Debating humanitarian interventions


2:42 pm - April 25th 2010

by Conor Foley    


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I am debating Linda Polman, author of War Games: The Story of Aid and War in Modern Times at the Frontline club in London on Tuesday 11 May if anyone has energy left-over for political discussion after the election.

I have not read Linda’s book yet, but there is an interview with her here in the Observer conducted by Andrew Anthony.

I am no great fan of Anthony’s work and the political points come over as rather stale and outdated – as if someone has not really thought about the issue much since his days spent picking coffee in Nicaragua with the Sandinistas – but Polman’s prievious work is provocative and interesting.

She famously reported on how eighty Zambian UN Blue Helmets were forced to watch helplessly as thousands of Hutu refugess were murdered by government troops in Rwanda – a report which did much to shake the guilt-ridden complacent indulgency that much of the international community had previously displayed towards its President Paul Kagame.

Lest we forget, one of Tony Blair’s current consultancy positions is working to improve Kagame’s public image.

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About the author
Conor Foley is a regular contributor and humanitarian aid worker who has worked for a variety of organisations including Liberty, Amnesty International and the UN High Commissioner for Refugees. He currently lives and works in Brazil and is a research fellow at the Human Rights Law Centre at the University of Nottingham. His books include Combating Torture: a manual for judges and prosecutors and A Guide to Property Law in Afghanistan. Also at: Guardian CIF
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Reader comments


Sounds like an interesting debate, and her interview makes interesting reading.

Ever since reading “Shake Hands with the Devil” by Romeo Dallaire, the Canadian Lt. General who was in charge of the UN peacekeepers in Rwanda it’s seemed to me that an ounce of prevention in these situations is worth (several million?) pounds of cure.

I don’t think many people realise just how hard the international community (which in the end I suppose means all of us and our representatives) make it for missions like this to succeed because they are under funded, under equipped, not given the right rules of engagement, and hobbled by questions of “realpolitik”.

Linda Polman’s solution may not be an easy one, or easy to sell, but perhaps she has a point?

I’m sorry that I won’t be there as I will be in a certain post-conflict nation on that date. I hope that we get some feed-back.

3. John Meredith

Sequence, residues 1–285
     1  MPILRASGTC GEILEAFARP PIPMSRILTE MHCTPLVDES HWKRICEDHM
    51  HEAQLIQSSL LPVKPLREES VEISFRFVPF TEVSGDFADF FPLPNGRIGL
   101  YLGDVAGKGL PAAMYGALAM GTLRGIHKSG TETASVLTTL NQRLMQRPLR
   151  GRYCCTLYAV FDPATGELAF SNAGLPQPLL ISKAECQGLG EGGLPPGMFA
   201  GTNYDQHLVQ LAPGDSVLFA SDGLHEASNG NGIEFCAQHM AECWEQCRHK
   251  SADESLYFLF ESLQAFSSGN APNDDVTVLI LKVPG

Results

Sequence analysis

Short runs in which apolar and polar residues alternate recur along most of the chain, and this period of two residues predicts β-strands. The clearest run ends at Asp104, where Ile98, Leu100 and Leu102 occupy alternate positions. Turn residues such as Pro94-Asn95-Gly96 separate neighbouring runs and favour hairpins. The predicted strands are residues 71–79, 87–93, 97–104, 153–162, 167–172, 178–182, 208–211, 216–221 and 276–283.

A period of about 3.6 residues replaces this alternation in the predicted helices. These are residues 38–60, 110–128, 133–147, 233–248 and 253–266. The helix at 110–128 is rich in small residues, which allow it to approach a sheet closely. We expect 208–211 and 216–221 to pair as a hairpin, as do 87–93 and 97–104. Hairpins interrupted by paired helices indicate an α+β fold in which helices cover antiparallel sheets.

I thought this book looked fascinating, but I have to say she comes over very badly in the interview.

The “humanitarian intervention” claim by aggressor states is open to flagrant abuse absent external and independent sanction.

Nazi Germany invaded Poland in September 1939 claiming this was to protect the German-speaking population of Danzig. By the time the ensuing WW2 ended between 40 and 50 millions had been killed.

Recall these reports in American media about the Iraq invasion:

“CRAWFORD, Texas — Paul O’Neill, President Bush’s Treasury secretary in the first two years of his presidency, says the Bush administration was planning to invade Iraq long before the Sept. 11 attacks and used questionable intelligence to justify the war.”
http://www.usatoday.com/news/washington/2004-01-11-oneill-iraq_x.htm

“WASHINGTON – At least $8.8 billion in Iraqi funds that was given to Iraqi ministries by the former U.S.-led authority there cannot be accounted for, according to a draft U.S. audit set for release soon.

“The audit by the Coalition Provisional Authority’s own inspector general blasts the CPA for “not providing adequate stewardship” of at least $8.8 billion from the Development Fund for Iraq that was given to Iraqi ministries.

“The audit was first reported on a Web site earlier this month by David Hackworth, a journalist and retired colonel. A U.S. official confirmed that the contents of the leaked audit cited by Hackworth were accurate. . .

“One of the main benefactors of the Iraq funds was the Texas-based firm Halliburton, which was paid more than $1 billion out of those funds to bring in fuel for Iraqi civilians.

“The monitoring board said despite repeated requests it had not been given access to U.S. audits of contracts held by Halliburton, which was once run by Vice President Dick Cheney, and other firms that used the development funds.”
http://www.msnbc.msn.com/id/5763483/


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  1. Liberal Conspiracy

    Debating humanitarian interventions http://bit.ly/bPSUsl

  2. Jason Lower

    @claralilli Don't know if this interests you or not: http://bit.ly/cuxBOg





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